With all the hullabaloo about The Conduit's graphics, you'd be forgiven if you missed the game skulking about in the shadows. That would be a shame, because it's really not bad at all. It looks nice, it plays well and feels decidedly grown up. Unfortunately it also feels about ten years old.
The rosy whiff of Rare's Perfect Dark is detectable through much of The Conduit, though that's no bad thing. The action is seamless and immediate, the story is fast-paced and full of conspiracy and there are plenty of unintentionally comedic aliens popping up, just like in the vintage N64 shooter. At least you get to shoot these ones though.
Up To The Hilt
Just like another classic shooter, Metroid Prime, the very beginning of the game sees you fully tooled up and able to call upon all manner of ways to dispatch otherworldly enemies. Then, there's a whip across time to a near-future Washington D.C. and regulation men in black to tear through. You're right at the start of a shadowy mission to discover why the planet is gripped by a bizarre virus, and just about to be beset by spindly-legged aliens who come at you through conduits which appear all over the city. You can see what they did there.
Derivative as the plot is, it's a lot of fun, and even makes you nostalgic for old episodes of The X-Files. There are two pressing issues you, as agent Michael Ford, bear in mind as you trawl through the US capital. Obviously there are the unwelcome alien guests (known as the Drudge), but there's also your organisation's role in the chaos enveloping the globe. So plenty of scope for confusion yet it's perfectly digestible thanks to snappy cut-scenes and on-the-go updates.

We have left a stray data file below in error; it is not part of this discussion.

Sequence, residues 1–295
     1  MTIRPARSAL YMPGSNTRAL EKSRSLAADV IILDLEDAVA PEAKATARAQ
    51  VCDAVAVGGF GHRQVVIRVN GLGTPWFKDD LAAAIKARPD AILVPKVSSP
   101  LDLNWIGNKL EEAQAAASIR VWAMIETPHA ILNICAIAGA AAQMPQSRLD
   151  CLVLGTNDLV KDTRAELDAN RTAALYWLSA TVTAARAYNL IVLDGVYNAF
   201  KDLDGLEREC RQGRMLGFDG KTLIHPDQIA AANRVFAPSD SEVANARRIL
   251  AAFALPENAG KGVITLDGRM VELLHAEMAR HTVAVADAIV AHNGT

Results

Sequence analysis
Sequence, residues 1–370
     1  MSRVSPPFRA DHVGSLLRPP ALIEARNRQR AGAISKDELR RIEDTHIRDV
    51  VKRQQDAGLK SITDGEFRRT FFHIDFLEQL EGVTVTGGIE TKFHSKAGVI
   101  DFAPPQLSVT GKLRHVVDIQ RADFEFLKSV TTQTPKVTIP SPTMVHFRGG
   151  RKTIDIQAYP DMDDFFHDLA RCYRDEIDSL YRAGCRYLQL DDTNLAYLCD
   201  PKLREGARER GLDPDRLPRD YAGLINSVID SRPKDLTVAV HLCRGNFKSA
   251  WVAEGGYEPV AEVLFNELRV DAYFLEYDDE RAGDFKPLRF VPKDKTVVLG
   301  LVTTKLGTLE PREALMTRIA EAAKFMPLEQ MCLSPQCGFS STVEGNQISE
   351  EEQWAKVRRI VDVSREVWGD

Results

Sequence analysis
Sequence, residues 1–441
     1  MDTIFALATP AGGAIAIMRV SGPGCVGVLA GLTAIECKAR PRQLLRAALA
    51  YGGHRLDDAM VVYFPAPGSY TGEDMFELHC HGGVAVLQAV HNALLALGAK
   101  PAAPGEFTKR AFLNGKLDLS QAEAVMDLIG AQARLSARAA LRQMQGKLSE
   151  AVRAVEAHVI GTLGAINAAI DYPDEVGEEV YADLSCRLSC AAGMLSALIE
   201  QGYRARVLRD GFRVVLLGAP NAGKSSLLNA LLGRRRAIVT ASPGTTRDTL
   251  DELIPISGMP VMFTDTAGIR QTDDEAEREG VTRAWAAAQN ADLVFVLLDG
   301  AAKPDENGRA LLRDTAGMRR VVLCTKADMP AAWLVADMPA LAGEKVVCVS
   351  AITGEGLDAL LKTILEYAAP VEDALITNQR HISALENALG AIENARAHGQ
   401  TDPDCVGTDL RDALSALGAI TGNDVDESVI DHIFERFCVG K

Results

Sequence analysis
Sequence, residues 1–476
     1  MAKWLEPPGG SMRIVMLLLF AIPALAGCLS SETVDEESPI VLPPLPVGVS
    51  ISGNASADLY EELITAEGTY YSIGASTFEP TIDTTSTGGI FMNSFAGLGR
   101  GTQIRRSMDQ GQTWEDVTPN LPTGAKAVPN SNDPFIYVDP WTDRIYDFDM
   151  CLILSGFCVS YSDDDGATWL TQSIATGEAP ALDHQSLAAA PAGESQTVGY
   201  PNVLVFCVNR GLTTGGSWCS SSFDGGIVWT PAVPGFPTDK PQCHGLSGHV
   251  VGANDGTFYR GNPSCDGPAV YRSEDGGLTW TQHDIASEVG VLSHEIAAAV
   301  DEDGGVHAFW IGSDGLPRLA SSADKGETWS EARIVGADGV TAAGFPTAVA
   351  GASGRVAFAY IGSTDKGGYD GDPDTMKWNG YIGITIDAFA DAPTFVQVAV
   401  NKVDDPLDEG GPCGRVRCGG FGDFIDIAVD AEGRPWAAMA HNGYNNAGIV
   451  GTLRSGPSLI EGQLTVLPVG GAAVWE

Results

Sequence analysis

If the plot threading through the game is familiar, the running and gunning is even more so. There's a mixture of domestic and alien technology to play with; the latter obviously being stacks more fun than the former, with the likes of the Strike Rifle (a weird cross between a medieval lance and a rotting fish that fires a vaporising energy bolt) and the Shrieker (a laser-guided missile launcher) trumping the piddling old submachine gun and limited SCAR assault rifle.
The problem is you can detect the formula almost immediately. Run though a corridor, crouch behind a box and chuck a grenade, flush out side rooms, storm bigger room, restore health, repeat all over again. There's nothing wrong with that, it just might mean you lose the incentive to get through the whole ten or so hours of the game's single player campaign.
Making An ASE Of Yourself
One mechanism in place to try and make things interesting is the ASE (All Seeing Eye), a little ball which detects objects hidden to the naked eye like invisible mines and door switches. Combination puzzles are also revealed with the ASE, and these often grant you access to hidden chambers containing ammo, health and experimental weaponry. Not all of them are essential to progress but you'd be missing out on some cool stuff should you pass them by.
Shooting takes centre stage here and for the most part it's uncomplicated and rewarding, except for one or two duff pea shooters. Firing is done by pointing the Wii Remote and squeezing B, with a lock-on performed by hitting Z. It still requires you to aim within a target box though, so you still need a a steady aim.
Melee attacks come from a fierce jab of the Remote, satisfyingly. A tossing motion with the Nunchuk hurls hand grenades, but the problem here is that doing that upsets your aim. On numerous occasions we knocked our aim askew causing grenades to clumsily rebound off the ceiling or wall.